Corrugated culvert pipe suppliers introduces you to the difference between hot galvanized and cold galvanized steel corrugated culverts.
Hot-dip galvanizing is also called hot-dip galvanizing. He melts zinc ingots at high temperature, puts some auxiliary materials, and then immerses the metal structural parts into the galvanizing tank to make a layer of zinc adhere to the metal components. The advantage of hot dip galvanizing is that it has strong anti-corrosion ability, and the adhesion and hardness of the galvanized layer are better.
"Cold plating" means "electroplating", that is, the zinc salt solution is electrolyzed to coat the plated parts. Generally, no heating is needed, and the amount of zinc is very small. It is easy to fall off in a humid environment. Cold galvanizing is also called electro-galvanizing. It uses electrolytic equipment to degrease and pickle the workpiece into a solution containing zinc salt, and connects to the negative electrode of the electrolytic equipment. The positive electrode, connected to the power supply, uses the current to move from the positive electrode to the negative electrode, and a layer of zinc is deposited on the workpiece.
Galvanizing For steel grid plates, manufacturers strongly recommend the use of galvanizing
Hot dip galvanizing is a chemical treatment and belongs to an electrochemical reaction. Cold galvanizing is a physical treatment, only a layer of zinc is painted on the surface, so the zinc layer is easy to fall off. Hot dip galvanizing is mostly used in construction.
Continuous hot galvanizing process: steel → heating → cooling to galvanizing temperature → galvanizing → cooling cold galvanizing is electrogalvanizing, only 10-50g / m2, its own corrosion resistance is much different from hot dip galvanizing. The price of using electro-galvanized is relatively cheaper. Hot-dip galvanized is a metal corrugated culvert pipe that is galvanized on the surface under hot-dip conditions. It has strong adhesion and is not easy to fall off. Although the hot-dip galvanized pipe also exhibits rust, it is very long The cycle can meet the technical and health requirements.
Metal Corrugated Culvert Pipe
First of all, the difference between the process is: hot dip galvanizing is to degrease the workpiece, pickle, dipping and drying, and then immerse it in the molten zinc solution for a certain period of time. Cold galvanizing is also called electro-galvanizing. It uses electrolytic equipment to degrease and pickle the workpiece into a solution containing zinc salt, and connects to the negative electrode of the electrolytic equipment. The positive electrode, connected to the power supply, uses the current to move from the positive electrode to the negative electrode, and a layer of zinc is deposited on the workpiece. The difference between galvanized products: hot-dip galvanized appearance is not as delicate and bright as cold-dip galvanized, but the thickness of the zinc layer is tens of times that of cold-dip galvanized.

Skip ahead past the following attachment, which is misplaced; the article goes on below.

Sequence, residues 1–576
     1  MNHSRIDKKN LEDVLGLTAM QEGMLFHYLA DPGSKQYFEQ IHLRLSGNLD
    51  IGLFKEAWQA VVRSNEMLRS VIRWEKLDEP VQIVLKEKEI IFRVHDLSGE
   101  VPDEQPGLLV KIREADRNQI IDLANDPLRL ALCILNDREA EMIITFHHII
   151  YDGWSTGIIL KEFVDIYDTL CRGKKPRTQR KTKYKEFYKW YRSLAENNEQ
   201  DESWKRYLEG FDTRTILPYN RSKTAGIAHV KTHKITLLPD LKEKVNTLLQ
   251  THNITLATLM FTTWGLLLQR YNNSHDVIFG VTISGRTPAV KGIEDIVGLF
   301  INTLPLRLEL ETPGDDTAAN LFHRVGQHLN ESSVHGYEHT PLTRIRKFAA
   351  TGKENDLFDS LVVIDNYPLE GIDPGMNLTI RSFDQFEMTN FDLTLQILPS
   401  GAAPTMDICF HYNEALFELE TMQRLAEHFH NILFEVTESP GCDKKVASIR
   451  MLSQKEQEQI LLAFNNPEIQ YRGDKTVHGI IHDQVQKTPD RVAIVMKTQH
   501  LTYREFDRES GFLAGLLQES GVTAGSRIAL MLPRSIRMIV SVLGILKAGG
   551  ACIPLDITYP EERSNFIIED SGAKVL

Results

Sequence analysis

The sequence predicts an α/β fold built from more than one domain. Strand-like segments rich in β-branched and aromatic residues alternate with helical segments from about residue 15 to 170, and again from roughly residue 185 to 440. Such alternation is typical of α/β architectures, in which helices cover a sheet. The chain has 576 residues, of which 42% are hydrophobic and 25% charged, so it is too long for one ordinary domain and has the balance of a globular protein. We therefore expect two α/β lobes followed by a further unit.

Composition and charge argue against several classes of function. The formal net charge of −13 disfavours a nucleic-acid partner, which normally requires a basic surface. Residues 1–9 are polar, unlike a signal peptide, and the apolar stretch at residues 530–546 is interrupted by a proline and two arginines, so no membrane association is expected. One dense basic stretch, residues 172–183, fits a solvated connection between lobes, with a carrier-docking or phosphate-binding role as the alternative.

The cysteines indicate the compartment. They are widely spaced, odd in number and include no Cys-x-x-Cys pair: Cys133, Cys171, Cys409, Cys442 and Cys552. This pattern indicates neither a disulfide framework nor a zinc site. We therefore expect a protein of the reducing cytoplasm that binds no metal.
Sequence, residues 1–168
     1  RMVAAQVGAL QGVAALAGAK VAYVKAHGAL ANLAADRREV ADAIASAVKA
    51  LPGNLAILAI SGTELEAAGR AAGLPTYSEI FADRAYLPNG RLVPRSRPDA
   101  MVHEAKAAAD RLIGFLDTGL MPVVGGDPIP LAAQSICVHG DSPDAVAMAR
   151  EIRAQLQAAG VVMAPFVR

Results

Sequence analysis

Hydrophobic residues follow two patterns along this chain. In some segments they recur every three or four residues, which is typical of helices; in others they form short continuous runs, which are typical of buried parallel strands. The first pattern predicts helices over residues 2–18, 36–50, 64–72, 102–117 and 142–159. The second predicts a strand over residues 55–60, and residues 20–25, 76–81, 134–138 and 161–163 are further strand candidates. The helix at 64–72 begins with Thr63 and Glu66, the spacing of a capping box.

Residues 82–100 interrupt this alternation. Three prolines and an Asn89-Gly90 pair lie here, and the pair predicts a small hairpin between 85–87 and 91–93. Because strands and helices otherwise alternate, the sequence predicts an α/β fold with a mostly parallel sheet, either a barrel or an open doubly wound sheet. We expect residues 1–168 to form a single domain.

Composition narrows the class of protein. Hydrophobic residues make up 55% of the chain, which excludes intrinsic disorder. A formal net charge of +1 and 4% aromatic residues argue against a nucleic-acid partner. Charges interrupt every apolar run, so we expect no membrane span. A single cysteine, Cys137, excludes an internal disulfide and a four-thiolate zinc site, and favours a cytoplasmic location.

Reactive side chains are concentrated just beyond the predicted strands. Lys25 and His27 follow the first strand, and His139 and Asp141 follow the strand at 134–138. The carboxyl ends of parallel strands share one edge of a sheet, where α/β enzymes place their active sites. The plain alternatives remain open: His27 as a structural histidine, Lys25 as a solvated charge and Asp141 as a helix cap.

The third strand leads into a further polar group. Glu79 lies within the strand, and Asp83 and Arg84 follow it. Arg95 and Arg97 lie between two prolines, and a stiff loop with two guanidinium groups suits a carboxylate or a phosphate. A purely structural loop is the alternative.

Corrosion resistance is also dozens of times that of electro-galvanized. Hot-dip galvanizing, also known as hot-dip galvanizing, is to remove the oil and rust of the steel workpiece to present a non-fouling and infiltrating surface. Layer zinc plating method. Cold galvanizing is to hang the workpiece that has also been degreased and derusted, showing no dirt and infiltration, onto the cathode in a special electroplating bath, and the anode is zinc. When the DC power supply is connected, the zinc ions on the anode migrate to the cathode and discharge on the cathode, so that the corrugated culvert pipe is coated with a layer of zinc. The coating of hot-dip galvanizing is thick, generally 30-60 microns, and the corrosion resistance of the coating is high. Long-term rust prevention for steel parts made for outdoor work, such as highway fences, power towers, large-sized fasteners, and other relatively "rough" workpieces. The earlier iron water pipes were also hot-dip galvanized. Electrogalvanized, the surface of the workpiece is smooth and flat, but because the coating is relatively thin, generally within 5-30 microns, the corrosion protection time will be shorter. They are all used indoors to prevent the rust of manufactured parts, such as chassis bottoms, panels, and small-sized fasteners.
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